Tony Hazell  

Later life lending is not fit for purpose

Tony Hazell

Tony Hazell

Reading the Council of Mortgage Lenders’ research into what it terms later life borrowers, it is hard to avoid the conclusion that the market is no longer fit for purpose. 

I have argued for some time that there needs to be a radical overhaul of borrowing for older people, including the way advice is delivered, the products offered and the general attitude to pensioners with mortgages.

This report suggests that many mortgage lenders including members of the Building Societies Association, which jointly produced the report, feel the same way.

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Once you get past the report’s photo cover, which suggests older people like to garden in totally inappropriate clothing, there is a wealth of information to suggest lenders and advisers need to step up and serve this market much better.

From the advice perspective, the key problem appears to be that one group of lenders and intermediaries concentrates on pre-retirement lending and debt repayment while another regards property as a money vault and concentrates on equity release.

There appears to be little connection between the two and no simple way for a borrower to step from one market to another.

Some smaller building societies are more flexible and will consider loans for older borrowers, but most larger lenders still want to be rid of borrowers by the age of 70 or 75. Many advisers remain wary of equity release either for regulatory reasons or perhaps because the rewards and volume of business are not great enough for the effort involved.

But this segment of the market is growing rapidly. The over-55s own 63 per cent of the property wealth, worth £2.5trn. One in three mortgages taken out by people age under 55 will run beyond state pension age.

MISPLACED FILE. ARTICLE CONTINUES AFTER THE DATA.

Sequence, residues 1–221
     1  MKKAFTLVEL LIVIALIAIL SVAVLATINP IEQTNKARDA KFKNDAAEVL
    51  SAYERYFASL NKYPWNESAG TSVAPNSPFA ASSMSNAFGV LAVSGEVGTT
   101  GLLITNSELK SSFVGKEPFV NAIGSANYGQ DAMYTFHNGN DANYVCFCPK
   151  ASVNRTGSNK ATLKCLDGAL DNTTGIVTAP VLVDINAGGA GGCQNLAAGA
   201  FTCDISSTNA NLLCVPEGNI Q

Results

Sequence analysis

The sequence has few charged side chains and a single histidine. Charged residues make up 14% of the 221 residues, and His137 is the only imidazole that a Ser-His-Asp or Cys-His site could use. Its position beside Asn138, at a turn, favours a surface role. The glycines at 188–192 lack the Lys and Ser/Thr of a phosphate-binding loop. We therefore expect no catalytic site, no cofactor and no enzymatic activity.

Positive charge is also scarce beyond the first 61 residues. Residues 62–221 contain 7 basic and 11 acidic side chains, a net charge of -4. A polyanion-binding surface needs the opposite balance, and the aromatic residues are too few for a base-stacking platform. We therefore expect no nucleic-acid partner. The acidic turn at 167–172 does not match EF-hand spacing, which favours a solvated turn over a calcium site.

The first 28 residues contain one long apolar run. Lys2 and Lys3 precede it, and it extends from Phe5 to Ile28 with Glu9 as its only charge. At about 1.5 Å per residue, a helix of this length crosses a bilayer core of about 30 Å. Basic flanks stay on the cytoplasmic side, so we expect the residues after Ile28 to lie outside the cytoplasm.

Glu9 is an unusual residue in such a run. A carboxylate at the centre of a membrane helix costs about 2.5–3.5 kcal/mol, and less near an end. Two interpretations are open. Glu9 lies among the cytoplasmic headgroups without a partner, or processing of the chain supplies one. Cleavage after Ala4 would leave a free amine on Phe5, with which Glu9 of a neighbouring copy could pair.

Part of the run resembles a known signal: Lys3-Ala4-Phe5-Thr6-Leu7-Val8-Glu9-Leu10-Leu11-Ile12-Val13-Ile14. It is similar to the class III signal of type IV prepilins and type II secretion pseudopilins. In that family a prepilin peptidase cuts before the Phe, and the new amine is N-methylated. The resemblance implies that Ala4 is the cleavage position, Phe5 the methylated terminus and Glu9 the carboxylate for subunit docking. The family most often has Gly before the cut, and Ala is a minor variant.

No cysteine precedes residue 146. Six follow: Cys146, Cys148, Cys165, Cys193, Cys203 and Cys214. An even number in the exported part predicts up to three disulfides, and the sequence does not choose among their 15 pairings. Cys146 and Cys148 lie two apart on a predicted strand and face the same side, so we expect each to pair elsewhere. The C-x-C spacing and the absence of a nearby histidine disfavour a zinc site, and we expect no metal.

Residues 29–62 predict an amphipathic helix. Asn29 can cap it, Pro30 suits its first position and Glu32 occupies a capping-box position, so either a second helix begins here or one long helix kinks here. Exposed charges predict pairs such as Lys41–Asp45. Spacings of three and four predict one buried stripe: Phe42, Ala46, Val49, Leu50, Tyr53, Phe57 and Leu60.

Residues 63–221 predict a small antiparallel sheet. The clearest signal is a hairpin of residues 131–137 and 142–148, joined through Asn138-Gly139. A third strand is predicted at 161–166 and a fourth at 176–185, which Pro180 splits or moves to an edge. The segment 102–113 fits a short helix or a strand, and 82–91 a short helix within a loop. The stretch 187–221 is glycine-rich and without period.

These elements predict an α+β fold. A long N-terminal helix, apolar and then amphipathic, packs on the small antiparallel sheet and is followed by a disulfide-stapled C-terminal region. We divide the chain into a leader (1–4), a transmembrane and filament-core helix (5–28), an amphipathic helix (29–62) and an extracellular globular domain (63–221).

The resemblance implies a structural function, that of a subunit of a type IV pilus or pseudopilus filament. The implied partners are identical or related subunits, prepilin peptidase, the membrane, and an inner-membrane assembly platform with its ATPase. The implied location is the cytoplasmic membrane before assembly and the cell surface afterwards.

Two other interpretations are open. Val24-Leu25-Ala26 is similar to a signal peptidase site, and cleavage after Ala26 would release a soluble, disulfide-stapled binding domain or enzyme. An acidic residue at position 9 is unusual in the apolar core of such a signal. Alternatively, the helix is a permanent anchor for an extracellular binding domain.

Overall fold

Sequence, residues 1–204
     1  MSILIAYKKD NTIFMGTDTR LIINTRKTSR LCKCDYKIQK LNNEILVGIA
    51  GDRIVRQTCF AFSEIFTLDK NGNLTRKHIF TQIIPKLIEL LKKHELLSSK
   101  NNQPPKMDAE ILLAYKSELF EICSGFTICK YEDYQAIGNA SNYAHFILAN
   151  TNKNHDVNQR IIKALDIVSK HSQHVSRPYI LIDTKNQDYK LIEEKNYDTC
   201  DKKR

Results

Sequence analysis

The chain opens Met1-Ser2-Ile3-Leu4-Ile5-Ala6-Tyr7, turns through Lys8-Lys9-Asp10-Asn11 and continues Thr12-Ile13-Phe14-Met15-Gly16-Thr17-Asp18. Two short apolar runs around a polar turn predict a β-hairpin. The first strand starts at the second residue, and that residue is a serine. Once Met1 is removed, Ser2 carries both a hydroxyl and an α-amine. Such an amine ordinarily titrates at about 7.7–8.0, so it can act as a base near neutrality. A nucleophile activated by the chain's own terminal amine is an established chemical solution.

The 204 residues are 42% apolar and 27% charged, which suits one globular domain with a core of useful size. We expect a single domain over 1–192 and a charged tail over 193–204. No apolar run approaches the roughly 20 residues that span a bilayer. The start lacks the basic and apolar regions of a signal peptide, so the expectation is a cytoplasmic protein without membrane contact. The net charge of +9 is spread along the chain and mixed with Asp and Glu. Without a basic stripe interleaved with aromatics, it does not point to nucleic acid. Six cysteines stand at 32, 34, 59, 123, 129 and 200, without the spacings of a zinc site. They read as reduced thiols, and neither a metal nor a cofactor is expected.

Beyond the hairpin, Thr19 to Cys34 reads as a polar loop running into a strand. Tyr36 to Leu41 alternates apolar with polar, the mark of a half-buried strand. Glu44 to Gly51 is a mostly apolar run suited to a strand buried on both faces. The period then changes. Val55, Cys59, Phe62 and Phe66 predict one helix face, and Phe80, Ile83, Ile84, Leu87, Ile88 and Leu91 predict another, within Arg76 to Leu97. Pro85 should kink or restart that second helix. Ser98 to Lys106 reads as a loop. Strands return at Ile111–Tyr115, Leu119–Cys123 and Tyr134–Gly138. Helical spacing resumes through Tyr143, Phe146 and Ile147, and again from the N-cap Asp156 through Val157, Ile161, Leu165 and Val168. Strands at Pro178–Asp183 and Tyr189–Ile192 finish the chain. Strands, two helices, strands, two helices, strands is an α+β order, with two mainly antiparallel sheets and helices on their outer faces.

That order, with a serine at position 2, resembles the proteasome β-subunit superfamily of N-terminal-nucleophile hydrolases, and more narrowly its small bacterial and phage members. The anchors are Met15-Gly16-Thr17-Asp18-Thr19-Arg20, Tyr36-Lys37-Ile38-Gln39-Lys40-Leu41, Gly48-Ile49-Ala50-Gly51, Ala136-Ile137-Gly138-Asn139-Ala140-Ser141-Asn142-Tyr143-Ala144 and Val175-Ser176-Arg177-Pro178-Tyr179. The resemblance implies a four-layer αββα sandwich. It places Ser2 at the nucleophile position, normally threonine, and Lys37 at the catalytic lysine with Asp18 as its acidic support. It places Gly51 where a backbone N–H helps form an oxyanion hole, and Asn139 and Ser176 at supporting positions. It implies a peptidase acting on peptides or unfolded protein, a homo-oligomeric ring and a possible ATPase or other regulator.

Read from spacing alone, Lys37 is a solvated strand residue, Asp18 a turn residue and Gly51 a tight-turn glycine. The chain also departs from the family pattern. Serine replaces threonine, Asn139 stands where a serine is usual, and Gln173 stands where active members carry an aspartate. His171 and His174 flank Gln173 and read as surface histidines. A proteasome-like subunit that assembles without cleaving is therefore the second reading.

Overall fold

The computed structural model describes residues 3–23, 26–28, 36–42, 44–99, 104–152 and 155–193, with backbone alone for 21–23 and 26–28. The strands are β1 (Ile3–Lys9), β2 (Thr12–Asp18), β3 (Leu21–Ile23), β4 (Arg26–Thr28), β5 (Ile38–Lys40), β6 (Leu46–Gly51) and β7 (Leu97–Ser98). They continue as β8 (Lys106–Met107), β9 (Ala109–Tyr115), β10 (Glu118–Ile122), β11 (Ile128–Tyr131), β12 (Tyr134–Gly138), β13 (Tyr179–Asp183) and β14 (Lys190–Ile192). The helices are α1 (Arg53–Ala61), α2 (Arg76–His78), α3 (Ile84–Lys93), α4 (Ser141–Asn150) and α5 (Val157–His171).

That should not be a problem if they have a secure pension income. But there remains a cautious approach to pensioners’ incomes, which can come from many sources including savings and investments.

The amount of mortgage debt held by over-55s households increased by 45 per cent from the 2006 to 2008 period to 2012 to 2014, to stand at £160bn.

There is a need for advice, appropriate products and an approach from lenders, regulators and government that is more helpful and useful to this growing group of borrowers. The CML and BSA have set the ball rolling with this report. Now it is for government, regulators and financial advisers to respond.   

Growing gender gap

Prudential’s latest study into retirement incomes highlights a worrying growth in the gender gap. The research now stretches back 10 years, looking at the income expectations of those retiring each year.

From a starting point of £9,800 in 2008 the difference in expected retirement incomes had narrowed to £4,800 by 2015 with some ups and downs in between. But for the past two years the gap has grown.

While women’s hoped-for retirement income has stagnated at £14,300, men’s has grown to £20,700 increasing the gender gap to £6,400 – a 37 per cent difference. There might be many reasons and career breaks are clearly one. But this does not explain why the gap is growing.